Art Lesson--Analyzing Artwork of the Hudson River School


Pg. 81 in notes packet

Art Lesson -

Analyzing Artwork of the Hudson River School

The Hudson River School refers to a group of artists led by Thomas Cole, an immigrant from England.

Inspired by the natural beauty of New York’s Hudson River

Valley and the Adirondack and

Catskills Mountains, the artists of the Hudson River School achieved fame by painting romantic landscapes.

Rather than using nature as a mere backdrop for history paintings or portraits, nature took center stage in their canvasses. Their scenes show the power and beauty of America’s wilderness. Human figures were almost dwarfed into insignificance by the majesty and grand proportions of nature.

Battle of Bunker Hill

John Trumbull


Landscape with Figures A

Scene from The Last of the Mohicans

Thomas Cole


Traditional painting where people are the focus vs.

Hudson River School painting where nature is the focus


Fill out the chart as you view the following slides. For each picture, record in the appropriate column the title of the work, the last name of the artist, and the year it was painted. In the 4 th column, record what object stands out to you as the prominent landscape feature. In the 5 th column, tell what the humans are doing in the painting. (Hint: All but one of the paintings have some human activity.)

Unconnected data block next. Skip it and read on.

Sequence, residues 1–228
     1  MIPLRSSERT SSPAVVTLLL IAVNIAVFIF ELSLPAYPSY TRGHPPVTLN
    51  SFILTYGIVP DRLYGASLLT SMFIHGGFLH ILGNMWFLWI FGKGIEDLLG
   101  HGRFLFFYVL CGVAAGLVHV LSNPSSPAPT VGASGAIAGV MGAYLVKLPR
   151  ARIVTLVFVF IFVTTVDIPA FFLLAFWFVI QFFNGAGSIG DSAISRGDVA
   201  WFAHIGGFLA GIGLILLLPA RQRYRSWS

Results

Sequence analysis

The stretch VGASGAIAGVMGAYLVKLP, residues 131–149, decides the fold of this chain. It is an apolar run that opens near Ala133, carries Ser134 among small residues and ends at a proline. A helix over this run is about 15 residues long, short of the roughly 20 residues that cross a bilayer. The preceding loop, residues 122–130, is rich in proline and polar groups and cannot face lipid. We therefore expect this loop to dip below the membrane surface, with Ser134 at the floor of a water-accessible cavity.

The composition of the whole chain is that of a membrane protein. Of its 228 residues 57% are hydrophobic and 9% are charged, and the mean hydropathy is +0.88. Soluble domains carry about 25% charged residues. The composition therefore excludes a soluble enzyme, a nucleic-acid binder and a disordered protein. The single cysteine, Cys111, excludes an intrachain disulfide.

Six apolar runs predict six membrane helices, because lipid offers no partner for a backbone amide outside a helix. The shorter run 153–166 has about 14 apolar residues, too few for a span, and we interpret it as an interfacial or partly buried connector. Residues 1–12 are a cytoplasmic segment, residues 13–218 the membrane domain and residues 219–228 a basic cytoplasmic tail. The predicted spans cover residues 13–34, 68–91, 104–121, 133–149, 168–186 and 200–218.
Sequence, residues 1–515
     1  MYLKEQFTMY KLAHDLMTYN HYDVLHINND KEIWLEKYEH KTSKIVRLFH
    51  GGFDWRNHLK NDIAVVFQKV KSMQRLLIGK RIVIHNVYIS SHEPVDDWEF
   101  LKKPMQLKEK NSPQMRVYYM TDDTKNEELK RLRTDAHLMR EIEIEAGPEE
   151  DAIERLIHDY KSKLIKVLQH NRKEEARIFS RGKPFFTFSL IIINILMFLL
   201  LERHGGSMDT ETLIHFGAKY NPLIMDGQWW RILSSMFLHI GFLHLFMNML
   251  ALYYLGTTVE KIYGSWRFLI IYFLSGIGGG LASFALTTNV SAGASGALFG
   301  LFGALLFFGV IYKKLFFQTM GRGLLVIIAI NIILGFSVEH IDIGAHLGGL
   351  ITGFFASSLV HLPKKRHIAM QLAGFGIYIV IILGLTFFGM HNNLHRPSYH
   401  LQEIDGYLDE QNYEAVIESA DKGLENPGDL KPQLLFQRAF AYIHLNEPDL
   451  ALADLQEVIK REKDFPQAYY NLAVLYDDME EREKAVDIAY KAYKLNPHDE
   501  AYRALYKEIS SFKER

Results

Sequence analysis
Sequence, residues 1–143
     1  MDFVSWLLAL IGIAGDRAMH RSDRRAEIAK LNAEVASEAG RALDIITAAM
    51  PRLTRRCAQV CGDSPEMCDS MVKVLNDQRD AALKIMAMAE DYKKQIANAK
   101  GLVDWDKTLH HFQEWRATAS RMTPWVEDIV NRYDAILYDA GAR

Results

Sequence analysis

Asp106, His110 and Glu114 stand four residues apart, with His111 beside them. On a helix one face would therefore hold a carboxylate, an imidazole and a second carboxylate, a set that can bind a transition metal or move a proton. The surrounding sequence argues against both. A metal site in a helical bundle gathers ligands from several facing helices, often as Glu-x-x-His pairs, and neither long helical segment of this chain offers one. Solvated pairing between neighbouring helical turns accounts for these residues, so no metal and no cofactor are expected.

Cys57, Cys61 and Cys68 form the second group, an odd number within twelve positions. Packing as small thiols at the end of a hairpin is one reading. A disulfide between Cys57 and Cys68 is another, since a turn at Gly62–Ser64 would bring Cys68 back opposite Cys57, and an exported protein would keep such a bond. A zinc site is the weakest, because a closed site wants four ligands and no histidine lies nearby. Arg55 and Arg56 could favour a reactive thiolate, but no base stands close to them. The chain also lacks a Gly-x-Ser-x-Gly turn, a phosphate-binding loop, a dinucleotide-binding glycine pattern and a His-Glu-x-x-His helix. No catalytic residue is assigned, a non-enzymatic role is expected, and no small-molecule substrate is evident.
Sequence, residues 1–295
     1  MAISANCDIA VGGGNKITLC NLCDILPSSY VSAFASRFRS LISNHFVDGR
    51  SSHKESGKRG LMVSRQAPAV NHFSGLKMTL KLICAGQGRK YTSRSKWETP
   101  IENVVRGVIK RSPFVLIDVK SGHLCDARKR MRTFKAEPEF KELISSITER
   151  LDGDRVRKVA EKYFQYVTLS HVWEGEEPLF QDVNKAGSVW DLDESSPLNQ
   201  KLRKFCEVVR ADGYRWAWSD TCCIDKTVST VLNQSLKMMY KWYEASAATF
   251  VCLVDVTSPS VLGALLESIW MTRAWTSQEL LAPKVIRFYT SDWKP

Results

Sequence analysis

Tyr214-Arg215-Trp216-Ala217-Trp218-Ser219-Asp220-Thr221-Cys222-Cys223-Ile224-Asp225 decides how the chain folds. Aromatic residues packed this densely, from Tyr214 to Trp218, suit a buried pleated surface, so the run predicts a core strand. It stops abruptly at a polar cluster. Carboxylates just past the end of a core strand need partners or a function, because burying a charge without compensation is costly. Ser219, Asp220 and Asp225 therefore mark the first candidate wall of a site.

The Oxbow

Thomas Cole








Frederick Edwin Church


The Oregon Trail

Albert Bierstadt


Cliffs of the Upper Colorado River

Thomas Moran


Movement west into the Louisiana territory and beyond increased during the 1840s.

American headed west in search of land and economic opportunity. Do you think the paintings of the Hudson River School might have had an effect on Americans’ desire to move west? Why or why not? Answer this question at the bottom of pg. 81.

Keep this chart in your notes and then complete the reading assignment about

Samuel F. B. Morse.